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Rana (title)

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Bhim Singh, the Rana of Udaipur

Rana (Sanskrit: राणा) is a historical title denoting an absolute monarch. Today, it is used as a hereditary name in South Asia.

Rani is the title for the wife of a rana or a female monarch. It also applies to the wife of a raja. Compound titles include rana sahib, ranaji, rana bahadur, and maharana.

Rana is used today as a surname with its ethnic origins coming from both Nepal and Persia. The title spread when the Persian merchants arrived in India, and then later spreaded at much larger capacities with the Mughals, and later the Parsi migration to India and Pakistan. The ancestral origin of the name denotes that the beholders of such a name today, mostly all will have mixed ethnic origins namely a mix of Sindhi, Gujarati, Parsi and Nepali. All holders of the surname today are a mix of 2 or more of the 4 ‘Rana’ ancestral ethnicities.

Usage in India and Pakistan[edit]

A statue of Rana Pratap Singh, a Sisodia Rajput ruler of the 16th century.

"Rana" was formerly used as a title as "Rao" were used of martial sovereignty by Rajput kings in India.[1] Today, members of some Rajput clans in Indian subcontinent use it as a hereditary title. In Pakistan, mostly Muslims—but also some Hindus in Sindh (present-day Pakistan)—use it as a hereditary title.[2] Umerkot, a state in Sindh, had a Hindu Rajput ruler who used the title.[3]

In the 16th century, Rana Prasad, the monarch of Umerkot, gave refuge to the Mughal prince Humayun and his wife, Hamida Banu Begum, who had fled from military defeat at the hands of Sher Shah Suri. Their son Akbar was born in the fort of the Rana of Umerkot.[4]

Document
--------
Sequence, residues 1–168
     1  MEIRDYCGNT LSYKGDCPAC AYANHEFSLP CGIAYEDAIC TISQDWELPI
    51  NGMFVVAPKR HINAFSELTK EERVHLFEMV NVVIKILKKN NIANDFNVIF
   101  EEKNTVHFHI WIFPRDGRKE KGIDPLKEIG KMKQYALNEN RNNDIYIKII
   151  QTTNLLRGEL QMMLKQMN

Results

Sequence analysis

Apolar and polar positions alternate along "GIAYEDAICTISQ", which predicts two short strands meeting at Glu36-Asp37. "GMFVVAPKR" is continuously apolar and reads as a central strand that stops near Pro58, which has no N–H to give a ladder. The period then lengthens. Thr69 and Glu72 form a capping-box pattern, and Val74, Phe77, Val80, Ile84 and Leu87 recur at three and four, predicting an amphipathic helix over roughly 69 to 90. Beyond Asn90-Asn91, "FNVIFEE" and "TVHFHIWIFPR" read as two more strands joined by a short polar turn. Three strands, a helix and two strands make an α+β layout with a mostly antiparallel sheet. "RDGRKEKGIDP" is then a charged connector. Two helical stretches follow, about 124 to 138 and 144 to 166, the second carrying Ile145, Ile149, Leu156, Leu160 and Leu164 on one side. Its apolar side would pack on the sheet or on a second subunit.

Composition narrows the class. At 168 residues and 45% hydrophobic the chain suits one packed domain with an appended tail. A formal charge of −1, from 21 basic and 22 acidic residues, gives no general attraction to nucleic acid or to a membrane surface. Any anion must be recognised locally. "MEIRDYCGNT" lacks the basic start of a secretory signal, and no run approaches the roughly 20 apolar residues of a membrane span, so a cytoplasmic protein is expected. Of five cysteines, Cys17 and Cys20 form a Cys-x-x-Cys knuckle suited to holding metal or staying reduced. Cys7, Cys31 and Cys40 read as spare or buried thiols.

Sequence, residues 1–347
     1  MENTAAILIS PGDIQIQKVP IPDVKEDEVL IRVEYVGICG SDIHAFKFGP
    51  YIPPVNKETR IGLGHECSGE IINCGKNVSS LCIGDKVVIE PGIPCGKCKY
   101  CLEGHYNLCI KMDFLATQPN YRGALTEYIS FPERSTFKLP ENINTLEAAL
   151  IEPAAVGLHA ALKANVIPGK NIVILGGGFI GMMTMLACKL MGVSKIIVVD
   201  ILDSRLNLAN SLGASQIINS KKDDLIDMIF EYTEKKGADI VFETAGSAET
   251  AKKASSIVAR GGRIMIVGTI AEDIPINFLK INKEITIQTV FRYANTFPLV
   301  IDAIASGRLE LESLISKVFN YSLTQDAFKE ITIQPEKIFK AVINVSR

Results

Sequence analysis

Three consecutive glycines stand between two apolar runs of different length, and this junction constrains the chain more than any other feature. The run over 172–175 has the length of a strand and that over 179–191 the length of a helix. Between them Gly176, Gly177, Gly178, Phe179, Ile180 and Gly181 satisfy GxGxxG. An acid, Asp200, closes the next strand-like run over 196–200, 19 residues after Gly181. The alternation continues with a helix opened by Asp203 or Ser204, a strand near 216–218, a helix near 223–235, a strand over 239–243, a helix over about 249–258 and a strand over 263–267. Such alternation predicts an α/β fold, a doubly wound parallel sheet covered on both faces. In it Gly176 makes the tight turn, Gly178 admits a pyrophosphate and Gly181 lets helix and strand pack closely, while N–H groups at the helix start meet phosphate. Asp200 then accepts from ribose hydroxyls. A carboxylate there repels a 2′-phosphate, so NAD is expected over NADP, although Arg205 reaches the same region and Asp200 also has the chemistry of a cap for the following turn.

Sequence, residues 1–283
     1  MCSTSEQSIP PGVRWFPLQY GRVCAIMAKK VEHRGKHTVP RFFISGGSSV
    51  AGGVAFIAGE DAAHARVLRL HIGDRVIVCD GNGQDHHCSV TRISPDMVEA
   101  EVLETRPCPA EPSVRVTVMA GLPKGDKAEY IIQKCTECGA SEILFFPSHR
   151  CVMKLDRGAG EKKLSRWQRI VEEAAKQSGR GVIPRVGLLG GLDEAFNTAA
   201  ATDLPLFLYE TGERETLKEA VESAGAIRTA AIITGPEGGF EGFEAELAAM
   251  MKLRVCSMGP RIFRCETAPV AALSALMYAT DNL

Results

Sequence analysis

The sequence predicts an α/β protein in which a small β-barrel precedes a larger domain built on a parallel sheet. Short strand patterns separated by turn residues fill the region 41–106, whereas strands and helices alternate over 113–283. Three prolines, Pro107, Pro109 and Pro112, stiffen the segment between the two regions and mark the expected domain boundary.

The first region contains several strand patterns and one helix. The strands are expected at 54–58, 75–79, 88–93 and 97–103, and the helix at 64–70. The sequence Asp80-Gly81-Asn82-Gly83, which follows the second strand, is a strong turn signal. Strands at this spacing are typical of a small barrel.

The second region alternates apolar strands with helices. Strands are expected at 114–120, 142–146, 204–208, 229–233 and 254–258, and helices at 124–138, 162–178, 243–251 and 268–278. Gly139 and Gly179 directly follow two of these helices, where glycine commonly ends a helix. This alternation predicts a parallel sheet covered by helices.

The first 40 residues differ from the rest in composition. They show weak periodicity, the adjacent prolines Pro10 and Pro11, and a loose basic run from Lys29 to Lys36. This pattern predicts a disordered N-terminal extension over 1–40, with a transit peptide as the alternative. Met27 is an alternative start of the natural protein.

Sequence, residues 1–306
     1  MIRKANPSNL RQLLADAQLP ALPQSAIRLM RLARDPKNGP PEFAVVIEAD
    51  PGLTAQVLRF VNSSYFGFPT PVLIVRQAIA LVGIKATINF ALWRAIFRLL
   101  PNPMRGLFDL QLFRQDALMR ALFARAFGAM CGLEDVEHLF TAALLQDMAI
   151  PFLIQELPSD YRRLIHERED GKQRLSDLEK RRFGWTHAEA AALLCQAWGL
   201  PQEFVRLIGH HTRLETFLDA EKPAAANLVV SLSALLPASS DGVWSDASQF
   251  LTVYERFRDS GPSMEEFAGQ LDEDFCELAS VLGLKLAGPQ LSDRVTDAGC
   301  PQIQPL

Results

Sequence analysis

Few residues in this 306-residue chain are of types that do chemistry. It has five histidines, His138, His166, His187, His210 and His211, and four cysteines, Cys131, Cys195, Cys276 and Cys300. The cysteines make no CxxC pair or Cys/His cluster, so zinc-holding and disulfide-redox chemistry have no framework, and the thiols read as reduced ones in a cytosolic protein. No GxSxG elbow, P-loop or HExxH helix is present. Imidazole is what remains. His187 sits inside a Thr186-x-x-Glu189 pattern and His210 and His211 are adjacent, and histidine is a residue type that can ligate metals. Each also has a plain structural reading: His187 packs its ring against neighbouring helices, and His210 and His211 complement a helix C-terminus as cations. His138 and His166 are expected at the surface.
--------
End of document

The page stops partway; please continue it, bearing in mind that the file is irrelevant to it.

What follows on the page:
Usage in Nepal[edit]

Shree Teen Maharaj Jung Bahadur Kunwar Ranaji at London in 1850

The head of the Kunwar nobles of Nepal, Jung Bahadur Kunwar, took the title of Rana(ji) and Shree Teen Maharaja after consolidation of his post of Prime Minister of Nepal. This dynasty controlled administration of the Kingdom of Nepal from 1846 until 1951, reducing the Shah monarch to a figurehead and making Prime Minister and other government positions hereditary. [5][6]

References[edit]

  1. ^ Bhattarai, Krishna (2009). Nepal. Infobase Publishing. p. 42. ISBN 9781438105239.
  2. ^ "Rajput appeal from Amarkot". The News International, Pakistan. 24 July 2013. Retrieved 10 September 2015.
  3. ^ "Rana kin in Pakistan for mourning". The Times of India. Retrieved 10 September 2015.
  4. ^ "Umerkot's former Rajput ruler is dead". The Hindu. Retrieved 10 September 2015.
  5. ^ Dietrich, Angela (1996). "Buddhist Monks and Rana Rulers: A History of Persecution". Buddhist Himalaya: A Journal of Nagarjuna Institute of Exact Methods. Retrieved 17 September 2013.
  6. ^ Lal, C. K. (16 February 2001). "The Rana resonance". Nepali Times. Retrieved 17 September 2013.

External links[edit]